Weekend Wisdom – Reconciliation with an Abusive Spouse

Before our divorce was final, my spouse pushed for reconciliation. And he used the Scriptures as the bully stick to put intense pressure on me. I heard things like “You need to forgive me. You are sinning against me and God by not reconciling with me.” Note that I only heard him apologize in general terms. I was not seeing any fruit of repentance – not even a grape.  I didn’t hear a humble confession of how he had sinned against me. I wasn’t told how he would make amends. There was no evidence that he saw himself as the problem; in fact, he was still telling others the opposite.

Patrick Doyle in the video below explains reconciliation, and he outlines four things needed for it to work. This is the best information I have heard on the topic from a Christian perspective. If you are wondering if you should reconcile with an abusive person, this will CLEARLY explain when reconciliation is appropriate and when it is not. He also goes into boundaries, and why you need to be willing to put your relationship on the alter, or the person will continue to harm you. This may seem opposite of what we sometimes hear from the church, which seems to be ‘preserve the marriage at ALL COSTS’. However, that is not loving the abusive spouse or yourself well.

The video is long, but worth it!

Love and Blessings,

Melissa

 

2 thoughts on “Weekend Wisdom – Reconciliation with an Abusive Spouse

  1. Love Patrick Doyle, he lives in my town and I watched nearly all his videos and found his perspective so incredibly helpful. I wish I had seen this video early in my marriage. My ex did the exact opposite of all the things Patrick talked about… And he did everything that Patrick warns about… Like to a T. Our whole marriage was filled with false repentance… Saying “I’m sorry” in general … usually only to smooth things over with me so that I would have sex with him or be affectionate, as I seriously withdrew into a shell anytime he yelled, guilt tripped, criticized, manipulated etc. As a “good Christian wife” I always felt I had to forgive him … And forget the offense even though I knew … After repeating the process many times.. that he wasn’t going to change. After deciding I was done with this pattern… After 14 years, I went to a counselor… Really just to prove to people that I had done everything I could. I already knew I was divorcing him. The counselor told me that I needed to forgive him and basically forget all 14 years of offenses.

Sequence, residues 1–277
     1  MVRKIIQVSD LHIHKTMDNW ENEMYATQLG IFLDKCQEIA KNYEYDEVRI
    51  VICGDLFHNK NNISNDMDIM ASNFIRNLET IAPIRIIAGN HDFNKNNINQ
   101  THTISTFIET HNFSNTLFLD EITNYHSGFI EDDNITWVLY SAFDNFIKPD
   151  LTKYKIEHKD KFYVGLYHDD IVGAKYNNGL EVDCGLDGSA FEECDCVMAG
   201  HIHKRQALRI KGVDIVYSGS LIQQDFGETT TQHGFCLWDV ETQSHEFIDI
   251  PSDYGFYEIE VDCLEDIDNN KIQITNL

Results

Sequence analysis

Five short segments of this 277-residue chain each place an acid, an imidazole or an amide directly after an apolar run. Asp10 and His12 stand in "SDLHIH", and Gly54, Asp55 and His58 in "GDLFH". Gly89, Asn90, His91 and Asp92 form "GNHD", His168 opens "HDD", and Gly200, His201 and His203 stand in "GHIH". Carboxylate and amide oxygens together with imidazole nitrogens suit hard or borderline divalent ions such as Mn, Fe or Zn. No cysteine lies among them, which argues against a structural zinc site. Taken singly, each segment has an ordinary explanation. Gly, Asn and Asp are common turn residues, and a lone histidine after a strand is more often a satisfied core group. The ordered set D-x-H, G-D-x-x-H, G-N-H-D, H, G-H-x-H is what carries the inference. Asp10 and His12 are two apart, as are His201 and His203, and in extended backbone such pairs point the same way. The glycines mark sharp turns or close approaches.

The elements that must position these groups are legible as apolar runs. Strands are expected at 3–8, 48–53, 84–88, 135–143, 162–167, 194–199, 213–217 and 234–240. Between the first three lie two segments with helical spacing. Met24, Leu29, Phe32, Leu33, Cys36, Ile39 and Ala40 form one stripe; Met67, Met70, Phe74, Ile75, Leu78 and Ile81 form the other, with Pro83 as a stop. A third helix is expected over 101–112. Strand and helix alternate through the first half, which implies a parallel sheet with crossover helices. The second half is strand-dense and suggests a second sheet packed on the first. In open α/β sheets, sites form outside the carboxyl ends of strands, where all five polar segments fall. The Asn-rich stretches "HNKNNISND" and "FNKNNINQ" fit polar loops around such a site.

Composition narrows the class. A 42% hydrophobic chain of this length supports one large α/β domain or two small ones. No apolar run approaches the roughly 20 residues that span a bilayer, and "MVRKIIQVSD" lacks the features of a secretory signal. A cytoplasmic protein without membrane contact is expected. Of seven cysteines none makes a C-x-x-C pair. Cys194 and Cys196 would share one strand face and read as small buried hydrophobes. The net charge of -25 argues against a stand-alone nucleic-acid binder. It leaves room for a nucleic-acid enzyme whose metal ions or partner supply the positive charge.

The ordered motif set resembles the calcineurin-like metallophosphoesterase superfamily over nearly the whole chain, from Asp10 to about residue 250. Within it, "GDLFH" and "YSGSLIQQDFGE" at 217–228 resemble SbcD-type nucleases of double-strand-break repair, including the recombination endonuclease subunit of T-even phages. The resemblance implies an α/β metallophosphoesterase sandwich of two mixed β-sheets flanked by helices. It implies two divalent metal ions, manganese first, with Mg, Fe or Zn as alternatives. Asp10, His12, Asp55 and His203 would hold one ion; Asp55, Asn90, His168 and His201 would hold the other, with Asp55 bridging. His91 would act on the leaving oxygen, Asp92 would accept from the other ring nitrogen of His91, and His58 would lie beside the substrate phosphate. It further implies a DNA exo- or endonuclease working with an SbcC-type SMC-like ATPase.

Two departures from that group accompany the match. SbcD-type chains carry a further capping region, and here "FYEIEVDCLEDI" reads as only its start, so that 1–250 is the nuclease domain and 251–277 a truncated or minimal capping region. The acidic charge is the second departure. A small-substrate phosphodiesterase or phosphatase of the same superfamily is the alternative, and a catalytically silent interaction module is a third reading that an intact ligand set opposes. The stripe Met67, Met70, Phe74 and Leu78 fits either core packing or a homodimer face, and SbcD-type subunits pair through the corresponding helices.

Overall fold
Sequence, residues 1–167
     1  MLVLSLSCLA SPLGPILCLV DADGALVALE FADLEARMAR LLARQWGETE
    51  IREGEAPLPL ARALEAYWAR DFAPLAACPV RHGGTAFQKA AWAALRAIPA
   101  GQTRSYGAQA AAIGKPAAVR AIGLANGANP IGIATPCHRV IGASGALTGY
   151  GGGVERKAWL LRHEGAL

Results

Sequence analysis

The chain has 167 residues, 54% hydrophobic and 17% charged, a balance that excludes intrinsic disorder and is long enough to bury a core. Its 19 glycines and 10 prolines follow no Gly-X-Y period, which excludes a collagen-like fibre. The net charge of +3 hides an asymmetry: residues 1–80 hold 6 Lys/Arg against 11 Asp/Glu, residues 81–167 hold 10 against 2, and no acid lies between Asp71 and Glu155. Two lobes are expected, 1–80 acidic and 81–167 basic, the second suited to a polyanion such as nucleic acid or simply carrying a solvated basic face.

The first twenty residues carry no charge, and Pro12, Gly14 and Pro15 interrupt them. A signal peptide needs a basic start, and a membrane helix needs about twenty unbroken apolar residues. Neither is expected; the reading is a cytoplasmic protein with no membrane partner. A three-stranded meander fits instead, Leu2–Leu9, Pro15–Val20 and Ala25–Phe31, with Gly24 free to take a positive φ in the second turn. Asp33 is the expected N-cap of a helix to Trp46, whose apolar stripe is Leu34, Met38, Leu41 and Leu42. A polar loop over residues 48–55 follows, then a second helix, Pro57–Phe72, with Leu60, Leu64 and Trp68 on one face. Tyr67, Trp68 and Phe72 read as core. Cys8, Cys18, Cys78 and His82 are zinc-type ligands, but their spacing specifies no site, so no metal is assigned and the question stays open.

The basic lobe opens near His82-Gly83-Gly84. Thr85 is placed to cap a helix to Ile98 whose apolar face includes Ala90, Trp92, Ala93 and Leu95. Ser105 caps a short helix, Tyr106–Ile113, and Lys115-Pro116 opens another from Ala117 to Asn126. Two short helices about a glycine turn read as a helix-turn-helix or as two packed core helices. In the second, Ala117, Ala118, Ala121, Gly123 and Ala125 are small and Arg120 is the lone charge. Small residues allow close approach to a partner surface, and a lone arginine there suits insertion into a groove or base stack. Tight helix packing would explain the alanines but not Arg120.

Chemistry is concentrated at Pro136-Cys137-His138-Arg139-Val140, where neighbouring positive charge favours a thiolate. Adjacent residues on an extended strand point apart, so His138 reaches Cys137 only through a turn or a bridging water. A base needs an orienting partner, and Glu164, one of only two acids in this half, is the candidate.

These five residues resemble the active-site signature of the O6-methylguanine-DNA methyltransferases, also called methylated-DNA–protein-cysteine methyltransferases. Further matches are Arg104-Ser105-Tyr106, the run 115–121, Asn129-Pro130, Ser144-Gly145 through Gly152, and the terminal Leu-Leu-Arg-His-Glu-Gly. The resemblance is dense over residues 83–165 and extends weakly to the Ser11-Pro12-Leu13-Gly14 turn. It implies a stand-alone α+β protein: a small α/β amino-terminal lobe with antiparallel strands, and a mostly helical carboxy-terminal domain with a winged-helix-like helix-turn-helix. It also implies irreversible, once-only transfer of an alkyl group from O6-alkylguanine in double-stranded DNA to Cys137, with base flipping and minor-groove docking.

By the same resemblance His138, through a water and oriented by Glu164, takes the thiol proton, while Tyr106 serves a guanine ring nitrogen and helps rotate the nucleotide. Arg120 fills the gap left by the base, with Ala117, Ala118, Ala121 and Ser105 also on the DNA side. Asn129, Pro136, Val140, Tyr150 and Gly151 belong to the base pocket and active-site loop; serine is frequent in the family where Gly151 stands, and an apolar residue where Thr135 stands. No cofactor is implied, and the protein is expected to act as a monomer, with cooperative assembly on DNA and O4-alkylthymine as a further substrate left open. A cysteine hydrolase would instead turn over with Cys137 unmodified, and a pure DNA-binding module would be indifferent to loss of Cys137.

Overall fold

There were so many things I couldn’t articulate about his abuse. Even to this day with all the books and articles and blogs I have read, I still can’t articulate very well what he did that was so hurtful. I have forgotten so much of the abuse as a coping tactic. Sometimes I will run across an old email or letter I sent him during our marriage and I’ll be shocked at what I was trying to express to him about how he had hurt me. Like how could I forget that incident? Then trying to explain that to other people who have never been in a relationship with a narcissist is like trying to explain the ocean to someone that’s never seen it. One of my very dear friends (who knows my ex) said “well people can change, maybe he’ll change” when I expressed skepticism about my exes new relationship. I knew then that it’s useless to talk to people that have never walked this path.

  2. Dear Kristen,
    Yes, something about abuse can create a “fog” that makes it hard to remember all the incidents. I speak in a few blogs about being in a fog….so please know you are not alone. Leading up to my divorce, I kept an electronic journal to help me remember all the terrible things. That may sound harsh or unforgiving to those who haven’t experienced this type of abuse, but I needed to be able to be articulate and describe the abusive incidents to the people trying to help us. And in court, if needed. I just couldn’t remember it all, due to the “fog” I felt, so I was advised to keep a journal.

    I agree it is difficult (and frustrating) to explain to others who have not dealt with a narcissist. People do not “get it”. At all. They are probably in denial that people are really that bad, or that evil. I frequently have to remind myself that other people do not understand my journey, but they don’t have to. It’s not their journey. That gives me some peace.
    Thank you so much for sharing.
    Love and blessings, Melissa

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